“No one wants to have to install a new app for every business or service they want to interact with. We think you should be able to just message a business in the same way you message a friend.” – Mark Zuckerberg, Facebook CEO, April 12, 2016.
Facebook’s April 12, 2016 announcement that it welcomes outside developers to create ‘bots’ for its Messenger platform could well be a historic step in software history. With over 900 million Messenger users, the social media giant has huge plans to redirect the $77 billion App industry’s revenue into FB bots. Now, how does one access the bots? Just search the type of business you want to access in the Messenger search bar.
Lately, Messenger allows you to chat with another person by just scanning the circular codes surrounding the person’s profile photo. Over three dozen companies are presently collaborating with Messenger. These include Bank of America, Burger King and CNN. Inviting outside developers is expected to bring in more integration opportunities.
How are Bots faring?
“Conversational interface is the classic, human way of finding information, and in a way, we’re just now bringing that to mobile devices. And mobile is the only format that really matters now, it’s clear.” – Sam Mandel, CEO, Poncho weather app, launch partner on Facebook Messenger.
Automated conversation evolution has a long way to go. Believability and efficiency of the medium is yet to set in; personalization is still an issue. Service quality varies, depending on the company offering the service. It is still unclear how other bot services will fare.
The news is, conversation experiences should improve, once Facebook Messenger evolves out of its beta stage. With FB allowing sponsored messages, users have the choice to block these messages and shield themselves from targeted sponsored content.
Eventually, Facebook will look to overrun Google’s all-pervading presence. Google is already struggling to replicate its desktop search engine ad success in the mobile space. So if users start using FB Messenger bots for their queries, instead of Google, they may have started something seriously big. But clearly, it is still early days. Read about the Facebook bot engine here.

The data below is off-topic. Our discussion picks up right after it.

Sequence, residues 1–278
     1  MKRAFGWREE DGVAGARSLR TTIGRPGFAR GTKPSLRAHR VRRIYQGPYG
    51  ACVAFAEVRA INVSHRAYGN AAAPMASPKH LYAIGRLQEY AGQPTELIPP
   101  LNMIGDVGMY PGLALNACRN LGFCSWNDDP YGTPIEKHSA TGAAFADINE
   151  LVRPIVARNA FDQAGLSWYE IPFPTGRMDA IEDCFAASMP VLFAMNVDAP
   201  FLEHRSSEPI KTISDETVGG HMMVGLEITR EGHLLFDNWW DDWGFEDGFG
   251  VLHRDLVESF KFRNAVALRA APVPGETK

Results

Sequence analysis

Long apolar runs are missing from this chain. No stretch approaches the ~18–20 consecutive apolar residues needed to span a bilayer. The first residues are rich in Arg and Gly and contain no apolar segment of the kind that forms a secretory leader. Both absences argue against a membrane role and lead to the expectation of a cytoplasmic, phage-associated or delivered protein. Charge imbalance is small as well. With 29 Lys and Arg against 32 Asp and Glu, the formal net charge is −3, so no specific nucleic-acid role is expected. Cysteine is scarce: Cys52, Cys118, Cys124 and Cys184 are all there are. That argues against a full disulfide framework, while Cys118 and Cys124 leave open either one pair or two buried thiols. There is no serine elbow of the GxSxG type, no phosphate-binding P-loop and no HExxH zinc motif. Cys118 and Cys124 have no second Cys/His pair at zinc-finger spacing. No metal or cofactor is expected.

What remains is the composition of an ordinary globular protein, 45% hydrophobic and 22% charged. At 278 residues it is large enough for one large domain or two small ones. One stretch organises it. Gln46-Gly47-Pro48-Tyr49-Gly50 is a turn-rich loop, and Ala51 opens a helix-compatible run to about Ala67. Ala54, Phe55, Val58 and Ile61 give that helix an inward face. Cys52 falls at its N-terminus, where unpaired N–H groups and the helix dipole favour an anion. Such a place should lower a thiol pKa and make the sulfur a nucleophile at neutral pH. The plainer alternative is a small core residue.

Bots vs Apps?
- Several brands are attracted to the conversational format of chat-bots. How the Messenger responds to your text like a human acquaintance has its own advantages. There is talk about bots replacing apps entirely. But that may be far-fetched talk yet.
- Chat-bots may yet be a passing fad. Just how long will it take for people to get bored of artificially-inclined conversation? Unless the conversations attain a high degree of expertise, replicate a human-like ease, replacing apps is a distant dream.
- With no operating system to offer, no revenue potential in selling other company apps, bots could finally be a money-making venture for the social media giant. Facebook is not taking a cut from bot-generated sales as yet. Popularity will easily change that status, for sure.
- On paper (for now, at least) bots have an edge over apps. Apps have to be downloaded. As app usage statistics show, personalization was the fastest growing app category in 2015. Ironically, this could be the very thing that could go against apps and work for bots. For bots are all about personalization.
- Bots are certainly offering variety in the types of services. From getting bank account notifications, buying flowers, answering health-related questions, ordering home-delivered food and getting photos printed, a new market is slowly and surely opening up. Bot USP: All is available on a single platform – FB Messenger. In contrast, downloading multiple apps onto your mobile device may seem irritating.
- Good apps are not a matter of choice, as each is independently created. In contrast, Messenger bots have an easy familiarity. But Facebook is not into this for nothing. That smartphone users do not download brand new apps as often is a sign that there is a customer gap to fill. It is for bots to fill that gap. How they go about transforming their 900 million Messenger user base to die-hard bot fans is another thing altogether. Learn how to create bots here.
A Bots Future
“Messaging is the new browser and bots are the websites.”– Mike Roberts, Head of Kik, instant messaging app.
- Matthew Berman, a Sonar (mobile app that acts as dashboard for FB Messenger and other apps) co-founder does believe that bots can help in personalized interaction, but that human representatives need to take over when the conversation takes a complex turn. As the other Sonar co-founder Neeharika Bhartiya states – bot revenue is in marketing and in urging users to actions rather than sponsored posts.
- Beerud Sheth, CEO, bot firm Gupshup, mentions how,“On a small screen (like your phone), you’re opening up a messaging app 100 times a day already, something that’s not being done with any other app. It’s convenient and successful.”
- Phil Libin, partner at General Catalyst, American venture capital firm, states how with bots you don’t need to work with a user interface, push or swipe or learn its use. It is just interaction in the form of conversation.
- Almost every other service is pitching up bot support, there is no one clear leader in the mix. Ryan Block, co-founder of Begin,a bot startup, says how bots are the next natural evolution of human-computer interaction. Though it will be time before a clear market leader emerges, he suspects it could be Facebook.
Finally, it is still early days to predict bots taking over the mobile application world, but we can emphatically conclude that Facebook is on to something big. At the time of writing, apps still rule.
(Statistics Source: nielsen.com & Forrester Research study)